The truth is you don’t have to be perfect in order to be effective. You don’t even need to be perfect in order to be a great small group leader. The best small group leaders are actually far from perfect, but they do share some traits in common that you can easily add to your own life. 

Great small group leaders are guides, not gurus.

Take a second to answer this question: What makes small group leaders different than the people they are leading?

Many of us think leaders are gurus—perfect, all-knowing, wise ones who know the Bible inside and out and can answer any question. But gurus make really bad small group leaders. They tend to make group meetings all about themselves, their knowledge, and their insights. It’s pretty hard to focus on Jesus when the leader is making the group about themselves. 

The most effective small group leaders are guides. They have a map, know what trail they are on, and know where they are headed. Their leadership is not about getting everyone to focus on them but on avoiding dangers and making progress towards their destination. 

Your small group time is not about you; it’s about Jesus. Your responsibility is to keep people focused on him, becoming more like him, and making him known. 

But what if you don’t have the answer to a tough question? A guru would be threatened because it would challenge their status as the all-knowing leader. But a guide? Guides aren’t threatened because they have the “maps” of God’s Word, the support of church staff, and an abundance of great resources for answering tough questions at their fingertips. Guides actually become more helpful when tough questions come up.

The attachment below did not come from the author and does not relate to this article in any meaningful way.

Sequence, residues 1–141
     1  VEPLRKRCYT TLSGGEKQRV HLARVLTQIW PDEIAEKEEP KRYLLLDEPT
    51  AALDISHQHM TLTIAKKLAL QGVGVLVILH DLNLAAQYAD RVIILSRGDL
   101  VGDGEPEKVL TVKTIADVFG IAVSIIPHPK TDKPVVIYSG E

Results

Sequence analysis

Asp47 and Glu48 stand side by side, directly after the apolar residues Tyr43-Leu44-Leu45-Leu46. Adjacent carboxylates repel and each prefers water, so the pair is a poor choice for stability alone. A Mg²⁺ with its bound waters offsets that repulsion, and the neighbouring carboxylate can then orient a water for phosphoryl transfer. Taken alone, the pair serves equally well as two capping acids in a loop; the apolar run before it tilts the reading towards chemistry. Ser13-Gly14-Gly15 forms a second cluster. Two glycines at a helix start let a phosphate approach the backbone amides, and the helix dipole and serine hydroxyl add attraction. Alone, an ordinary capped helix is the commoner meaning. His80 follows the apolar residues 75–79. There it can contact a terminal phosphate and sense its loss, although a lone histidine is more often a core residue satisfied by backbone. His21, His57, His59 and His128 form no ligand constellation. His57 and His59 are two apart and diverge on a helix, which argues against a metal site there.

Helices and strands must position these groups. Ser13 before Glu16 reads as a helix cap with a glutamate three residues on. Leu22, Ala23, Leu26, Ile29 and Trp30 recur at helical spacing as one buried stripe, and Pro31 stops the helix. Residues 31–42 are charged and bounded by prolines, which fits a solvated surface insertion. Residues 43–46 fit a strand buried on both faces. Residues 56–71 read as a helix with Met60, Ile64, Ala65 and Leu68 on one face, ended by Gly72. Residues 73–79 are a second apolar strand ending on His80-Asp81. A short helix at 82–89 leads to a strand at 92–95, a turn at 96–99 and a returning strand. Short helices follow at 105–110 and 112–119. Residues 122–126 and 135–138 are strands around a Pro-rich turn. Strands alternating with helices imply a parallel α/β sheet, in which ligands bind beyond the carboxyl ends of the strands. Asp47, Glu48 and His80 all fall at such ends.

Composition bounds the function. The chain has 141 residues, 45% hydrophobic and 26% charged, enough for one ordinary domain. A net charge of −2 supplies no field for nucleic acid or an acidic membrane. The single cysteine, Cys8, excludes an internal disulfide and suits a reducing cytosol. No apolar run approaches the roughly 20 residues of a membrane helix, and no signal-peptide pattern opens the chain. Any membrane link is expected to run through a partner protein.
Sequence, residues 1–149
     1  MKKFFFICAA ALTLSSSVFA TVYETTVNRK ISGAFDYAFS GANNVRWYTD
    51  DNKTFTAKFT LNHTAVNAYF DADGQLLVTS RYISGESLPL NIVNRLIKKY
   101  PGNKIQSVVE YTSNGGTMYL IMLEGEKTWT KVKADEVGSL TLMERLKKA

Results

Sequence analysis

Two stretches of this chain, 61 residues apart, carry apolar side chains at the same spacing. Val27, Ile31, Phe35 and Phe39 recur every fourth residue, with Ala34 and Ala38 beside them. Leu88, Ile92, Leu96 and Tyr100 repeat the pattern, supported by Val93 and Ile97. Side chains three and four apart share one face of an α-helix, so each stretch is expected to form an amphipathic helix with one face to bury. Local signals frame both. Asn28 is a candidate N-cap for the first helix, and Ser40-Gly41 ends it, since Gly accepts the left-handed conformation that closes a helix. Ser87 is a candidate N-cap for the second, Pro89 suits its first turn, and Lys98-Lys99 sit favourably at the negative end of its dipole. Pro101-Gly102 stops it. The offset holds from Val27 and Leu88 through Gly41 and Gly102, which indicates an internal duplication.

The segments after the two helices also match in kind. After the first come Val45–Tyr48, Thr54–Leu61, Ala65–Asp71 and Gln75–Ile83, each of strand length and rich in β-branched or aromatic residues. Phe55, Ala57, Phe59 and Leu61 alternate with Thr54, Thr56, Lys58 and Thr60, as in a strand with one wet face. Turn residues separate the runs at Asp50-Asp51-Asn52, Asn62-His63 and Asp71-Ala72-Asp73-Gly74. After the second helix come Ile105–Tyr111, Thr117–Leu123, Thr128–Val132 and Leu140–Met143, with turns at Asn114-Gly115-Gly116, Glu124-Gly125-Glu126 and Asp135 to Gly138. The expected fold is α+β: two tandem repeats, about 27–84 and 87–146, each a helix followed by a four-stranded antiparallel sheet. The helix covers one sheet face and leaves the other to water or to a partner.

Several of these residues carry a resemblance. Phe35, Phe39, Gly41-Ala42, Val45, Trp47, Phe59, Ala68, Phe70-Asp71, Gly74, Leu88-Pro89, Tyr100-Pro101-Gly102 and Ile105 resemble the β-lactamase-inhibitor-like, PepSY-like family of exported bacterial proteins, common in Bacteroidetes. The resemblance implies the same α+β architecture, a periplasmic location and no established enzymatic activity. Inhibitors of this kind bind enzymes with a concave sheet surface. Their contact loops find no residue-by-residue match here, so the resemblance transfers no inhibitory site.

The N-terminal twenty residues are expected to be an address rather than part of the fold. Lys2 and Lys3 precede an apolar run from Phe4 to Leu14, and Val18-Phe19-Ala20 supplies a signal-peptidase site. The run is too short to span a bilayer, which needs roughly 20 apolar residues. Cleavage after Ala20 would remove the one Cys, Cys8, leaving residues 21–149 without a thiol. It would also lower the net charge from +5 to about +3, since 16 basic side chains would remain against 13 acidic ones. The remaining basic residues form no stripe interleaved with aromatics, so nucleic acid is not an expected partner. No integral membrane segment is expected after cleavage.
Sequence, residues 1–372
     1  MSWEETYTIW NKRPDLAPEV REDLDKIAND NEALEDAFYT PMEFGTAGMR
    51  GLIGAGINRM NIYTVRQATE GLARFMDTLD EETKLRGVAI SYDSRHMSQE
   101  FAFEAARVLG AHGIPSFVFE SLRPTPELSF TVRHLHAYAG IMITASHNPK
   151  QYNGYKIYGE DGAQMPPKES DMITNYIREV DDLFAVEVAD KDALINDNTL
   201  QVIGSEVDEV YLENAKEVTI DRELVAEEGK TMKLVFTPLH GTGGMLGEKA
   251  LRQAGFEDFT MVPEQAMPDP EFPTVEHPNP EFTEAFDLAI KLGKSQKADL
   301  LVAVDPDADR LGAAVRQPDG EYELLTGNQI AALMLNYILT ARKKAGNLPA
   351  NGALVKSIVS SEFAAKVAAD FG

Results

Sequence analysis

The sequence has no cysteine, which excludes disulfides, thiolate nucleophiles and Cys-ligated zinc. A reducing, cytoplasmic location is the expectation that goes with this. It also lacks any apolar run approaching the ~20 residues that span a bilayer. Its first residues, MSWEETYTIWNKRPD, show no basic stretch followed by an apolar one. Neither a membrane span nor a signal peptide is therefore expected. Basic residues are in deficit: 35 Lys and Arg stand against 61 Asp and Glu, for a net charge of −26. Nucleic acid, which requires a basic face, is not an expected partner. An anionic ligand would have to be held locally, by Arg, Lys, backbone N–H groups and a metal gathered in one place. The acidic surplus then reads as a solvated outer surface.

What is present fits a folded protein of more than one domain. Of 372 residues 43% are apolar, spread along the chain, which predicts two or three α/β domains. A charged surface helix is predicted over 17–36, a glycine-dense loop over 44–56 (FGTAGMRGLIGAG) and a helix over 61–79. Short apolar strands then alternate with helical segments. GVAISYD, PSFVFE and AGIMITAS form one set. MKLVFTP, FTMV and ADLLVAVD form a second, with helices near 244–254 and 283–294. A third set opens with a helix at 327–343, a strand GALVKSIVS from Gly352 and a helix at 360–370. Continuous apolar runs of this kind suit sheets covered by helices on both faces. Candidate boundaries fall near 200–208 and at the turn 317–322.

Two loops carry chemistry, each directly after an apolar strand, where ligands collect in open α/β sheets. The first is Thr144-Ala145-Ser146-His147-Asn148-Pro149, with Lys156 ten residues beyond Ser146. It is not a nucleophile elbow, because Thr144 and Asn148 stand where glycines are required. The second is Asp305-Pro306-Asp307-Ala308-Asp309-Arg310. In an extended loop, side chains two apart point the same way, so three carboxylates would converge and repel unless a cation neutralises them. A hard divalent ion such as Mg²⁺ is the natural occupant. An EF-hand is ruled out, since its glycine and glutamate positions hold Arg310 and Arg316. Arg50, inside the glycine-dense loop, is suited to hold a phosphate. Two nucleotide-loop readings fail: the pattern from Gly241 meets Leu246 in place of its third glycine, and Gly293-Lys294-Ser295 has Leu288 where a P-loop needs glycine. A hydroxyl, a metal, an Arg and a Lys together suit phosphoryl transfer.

If you don’t know an answer, be honest: “I don’t know, but I will try to find an answer for our meeting next week.” Which brings us to the second quality of effective leaders.

Great small group leaders are prepared.

It’s like legendary basketball coach John Wooden said,

“Failing to prepare is preparing to fail.” 

Being prepared doesn’t mean you have to outline your meeting minute by minute, but you should know what you are going to cover in your group that week. Take time to look over the Bible verses, study questions, and any resources you will be using. Preparation will look different for everyone, so find a method that works best for you.

The most effective small groups aren’t thrown together last second; they are the result of a prepared leader prayerfully thinking through the time they are about to spend in God’s Word. After all, if you are a guide, you need to know your map!

But being prepared does not mean you have to teach your group because… 

Great small group leaders see their groups as communities, not classrooms.

You don’t have to be a seminary professor or pastor to be a great group leader. You simply need to facilitate conversation. Think of your group as a community rather than a classroom. Your goal in the group is to help the church grow in spirit and in truth, not ace a Bible quiz. 

Ask an opening question and wait for people to start talking (it’s okay to endure a little awkwardness). If your group starts running down a rabbit trail, gently point them back to the topic at hand. Ask open-ended questions. Try to get everyone involved in the conversation. At the end of your time, talk about ways to apply what you are learning.